2. Higher education adequate to the office.  After 4 years of active duty in the Navy, where I served as a Hospital Corpsman (HM2 - and later a Chief Petty Officer [HMC] in the reserves - where, by the way, I had exactly the same standardized Navy leadership and management courses as did Royal Weaver and served as the Leading Chief Petty Oficer and de facto XO in my 25 man Marine medical support unit) with the Marines in Vietnam, I went to college in Savannah for a couple of years in the early '70s before joining the work force full time. In 1997, while working full time and going to college at night, I completed a Bachelor of General Studies degree with a minor in political science from Savannah's Armstrong Atlantic State University. In pursuit of the political science minor, I took courses in federal, state, county, and city government; U.S. Constitutional law with an emphasis on civil liberties, as guaranteed by the Bill of Rights; U.S. Jurisprudence - the study of law and the court systems; the U.S presidency; and the U.S. Congress. Those courses, in addition to the usual core curriculum plus other electives, including some business courses, have given me a good, solid, educational foundation for the post I seek.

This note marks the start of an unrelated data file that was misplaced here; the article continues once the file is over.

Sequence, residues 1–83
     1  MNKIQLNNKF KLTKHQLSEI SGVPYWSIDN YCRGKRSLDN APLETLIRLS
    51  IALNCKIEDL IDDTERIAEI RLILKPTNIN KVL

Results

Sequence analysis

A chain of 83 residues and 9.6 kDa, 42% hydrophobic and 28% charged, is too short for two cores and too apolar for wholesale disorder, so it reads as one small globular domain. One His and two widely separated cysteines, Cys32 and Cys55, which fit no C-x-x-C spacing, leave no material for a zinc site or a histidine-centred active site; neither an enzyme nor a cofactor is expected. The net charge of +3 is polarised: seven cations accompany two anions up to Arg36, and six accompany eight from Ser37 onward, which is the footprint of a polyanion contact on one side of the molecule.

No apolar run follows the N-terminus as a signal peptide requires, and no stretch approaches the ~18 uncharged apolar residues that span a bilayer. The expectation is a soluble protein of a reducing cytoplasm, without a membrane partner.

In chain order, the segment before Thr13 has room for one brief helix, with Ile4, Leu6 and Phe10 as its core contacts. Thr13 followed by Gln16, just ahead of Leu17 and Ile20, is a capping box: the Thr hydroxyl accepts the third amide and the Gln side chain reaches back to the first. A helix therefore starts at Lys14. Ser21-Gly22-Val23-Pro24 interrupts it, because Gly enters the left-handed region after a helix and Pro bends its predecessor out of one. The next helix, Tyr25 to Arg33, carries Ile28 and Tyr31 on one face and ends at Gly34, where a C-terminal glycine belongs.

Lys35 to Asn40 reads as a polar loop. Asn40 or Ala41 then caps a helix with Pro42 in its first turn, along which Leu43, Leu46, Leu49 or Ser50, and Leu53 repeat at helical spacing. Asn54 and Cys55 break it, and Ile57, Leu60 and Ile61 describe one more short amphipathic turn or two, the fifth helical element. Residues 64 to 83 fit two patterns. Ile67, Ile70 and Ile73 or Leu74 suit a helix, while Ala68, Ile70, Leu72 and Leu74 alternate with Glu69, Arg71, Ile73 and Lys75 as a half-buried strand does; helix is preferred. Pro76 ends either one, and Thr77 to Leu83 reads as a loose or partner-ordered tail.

After two years of physical therapy following my contracting GBS, I embarked on the AASU Post- Baccalaureate Teacher Certification Program.  I finished my student teaching at Camden Middle School in May of 2009. I am now licensed by the State of Georgia to teach Middle Grades Language Arts, Middle Grades Social Studies, and Political Science in grades 6 -12. I have applied for employment with the Camden County school system. Of course, they are not currently hiring due to budget shortfalls. Let me say again that the school board is a taxing authority unto itself. There are no votes taken by the CCBOC that impact the school system in any way, ergo there can be no conflict of interest if I am elected and subsequently hired as a teacher. (Technically, there is one vote annually. The county actually must levy the school tax based upon the millage rate the school board recommends, not to exceed 20 mills. The one annual vote to approve their recommended millage rate is pro-forma).  Moreover, I fully understand the dictum to "avoid even the appearance of a conflict of interest" and will abide by it, even though at this point I find it hard to imagine how a conflict of any kind would pop up in my case, as you will see when I put my financial disclosure form on line in the near future.